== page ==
93At the February 2003 Conference of the American Association for the Advancement of Science, chromosome Y was discussed. It is generally thought that it is passed unchanged from father to son. This does not appear to be the case. David Page of the Whitehead Institute (Cambridge, Massachusetts) is involved in decoding chromosome Y. He said that the primary function of the Y chromosome seems to be acting as a master switch that turns on male development and sperm production. He has discovered that the Y chromosome has found a way of evolving new gene “complexes” of its own accord. In women the two X genes swap genetic material so that children inherit very different gene combinations to those of their parents. David Page also discovered that the Y chromosome changes slightly over the generations and, in his view, this provides good evidence that genes along the length of Y chromosome are evolving. He said that when a useful new gene combination is produced, the Y chromosome appears to duplicate it — often hundreds of times — so that it cannot be lost again. Skaletsky et al. (2003) have decoded one man’s Y chromosome and confirm some of the statements made by Page.
3 – Female infertility
94The causes of female infertility differ from those of male infertility. Fertility researchers at the U.S. National Institute of Child Health and Human Development (NICHD) have discovered a gene in the human egg that may be essential for early embryo development (Tong et al., 2002). The gene may also play a role in premature ovarian failure (this is a mysterious condition in which the ovaries stop functioning years, and sometimes decades, before natural menopause). “This finding could lead to new insights into the causes of unexplained infertility in women”, said Duane Alexander, Director of NICHD. It may also “lead to a better understanding of the possible role that the immune system may play in some cases of premature ovarian failure” (NICHD website).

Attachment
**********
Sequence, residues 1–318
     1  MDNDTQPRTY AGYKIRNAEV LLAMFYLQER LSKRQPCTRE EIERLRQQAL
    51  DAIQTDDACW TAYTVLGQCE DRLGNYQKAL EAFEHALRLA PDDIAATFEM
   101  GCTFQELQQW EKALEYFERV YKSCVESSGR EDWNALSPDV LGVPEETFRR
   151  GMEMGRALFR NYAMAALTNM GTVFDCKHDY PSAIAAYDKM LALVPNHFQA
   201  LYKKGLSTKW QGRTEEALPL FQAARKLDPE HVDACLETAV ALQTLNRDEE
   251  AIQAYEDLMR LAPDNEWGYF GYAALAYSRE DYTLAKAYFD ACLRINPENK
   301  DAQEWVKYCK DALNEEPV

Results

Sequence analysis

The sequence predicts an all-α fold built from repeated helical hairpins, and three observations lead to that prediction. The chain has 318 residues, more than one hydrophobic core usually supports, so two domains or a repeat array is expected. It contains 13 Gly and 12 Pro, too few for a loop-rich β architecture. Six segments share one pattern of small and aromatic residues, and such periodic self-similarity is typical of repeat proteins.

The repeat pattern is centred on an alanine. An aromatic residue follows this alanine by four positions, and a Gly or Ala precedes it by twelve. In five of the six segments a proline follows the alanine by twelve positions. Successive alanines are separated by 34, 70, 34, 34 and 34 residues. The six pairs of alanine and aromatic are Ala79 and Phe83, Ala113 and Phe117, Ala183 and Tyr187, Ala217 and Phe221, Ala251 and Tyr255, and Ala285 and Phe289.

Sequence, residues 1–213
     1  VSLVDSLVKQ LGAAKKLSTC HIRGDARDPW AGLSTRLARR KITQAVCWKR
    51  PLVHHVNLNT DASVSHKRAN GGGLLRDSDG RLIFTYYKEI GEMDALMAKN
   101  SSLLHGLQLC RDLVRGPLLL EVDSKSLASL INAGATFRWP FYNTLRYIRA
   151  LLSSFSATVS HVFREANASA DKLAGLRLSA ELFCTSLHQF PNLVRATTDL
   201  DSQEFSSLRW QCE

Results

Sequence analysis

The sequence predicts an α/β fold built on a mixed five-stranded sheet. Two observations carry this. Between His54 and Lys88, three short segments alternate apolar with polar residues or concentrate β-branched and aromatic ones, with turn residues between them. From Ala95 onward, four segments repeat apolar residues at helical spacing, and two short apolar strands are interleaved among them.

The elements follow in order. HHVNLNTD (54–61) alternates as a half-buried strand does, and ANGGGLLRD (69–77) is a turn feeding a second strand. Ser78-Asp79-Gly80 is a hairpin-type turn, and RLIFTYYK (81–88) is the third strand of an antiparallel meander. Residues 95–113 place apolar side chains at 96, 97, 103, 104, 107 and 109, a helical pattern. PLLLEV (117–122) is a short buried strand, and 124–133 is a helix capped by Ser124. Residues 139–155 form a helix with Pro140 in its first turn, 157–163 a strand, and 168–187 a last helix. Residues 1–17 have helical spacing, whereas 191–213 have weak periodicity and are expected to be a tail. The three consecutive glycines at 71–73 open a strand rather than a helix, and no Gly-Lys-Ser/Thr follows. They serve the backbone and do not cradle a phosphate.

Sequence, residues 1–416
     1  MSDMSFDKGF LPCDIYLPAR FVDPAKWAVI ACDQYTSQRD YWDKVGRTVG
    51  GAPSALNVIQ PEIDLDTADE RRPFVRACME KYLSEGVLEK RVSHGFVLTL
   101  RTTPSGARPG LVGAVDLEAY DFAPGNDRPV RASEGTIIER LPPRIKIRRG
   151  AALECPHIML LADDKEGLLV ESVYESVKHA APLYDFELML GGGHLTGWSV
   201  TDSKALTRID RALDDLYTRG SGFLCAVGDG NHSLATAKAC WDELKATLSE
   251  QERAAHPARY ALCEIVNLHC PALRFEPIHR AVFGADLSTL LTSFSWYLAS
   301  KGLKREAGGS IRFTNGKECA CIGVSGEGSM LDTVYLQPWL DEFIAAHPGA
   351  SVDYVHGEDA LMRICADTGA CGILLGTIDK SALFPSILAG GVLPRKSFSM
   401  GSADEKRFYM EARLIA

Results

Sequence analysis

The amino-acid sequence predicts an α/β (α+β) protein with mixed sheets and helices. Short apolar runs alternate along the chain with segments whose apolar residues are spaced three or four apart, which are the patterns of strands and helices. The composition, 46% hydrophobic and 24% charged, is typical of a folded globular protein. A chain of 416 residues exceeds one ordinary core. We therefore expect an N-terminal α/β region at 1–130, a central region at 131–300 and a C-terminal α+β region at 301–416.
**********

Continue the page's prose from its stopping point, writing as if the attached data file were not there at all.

XIII – Molecular genetic and genomic approaches
95In Section XI, we mentioned the nematode worm C. elegans. It grows to about one mm in length and has six chromosomes. It develops complex tissues and organs. It has a nervous system that can detect odour and taste, and responds to temperature and touch. It is, in fact, like a “miniature human being”. “By looking at the genes that are needed to make worm muscles, we can learn quite directly about the genes that make human muscles — because they are the same” (John Sulston, Head of the Sanger Centre team of the UK HGP programme, on BBC News/Sci/Tech. 7 May 2002). Schwartz et al. (2000) have suggested that the human central nervous system has controls for intake of food. Experiments on human beings are not possible but we can draw some conclusions from research on the nematode and other species. De Bono et al. (2002) suggest that the gene npr-1 in nematode may be responsible for individual vs. social feeding. It represses social feeding; when it is deleted, solitary feeders congregate. A few other genes also play a role in the feeding habits.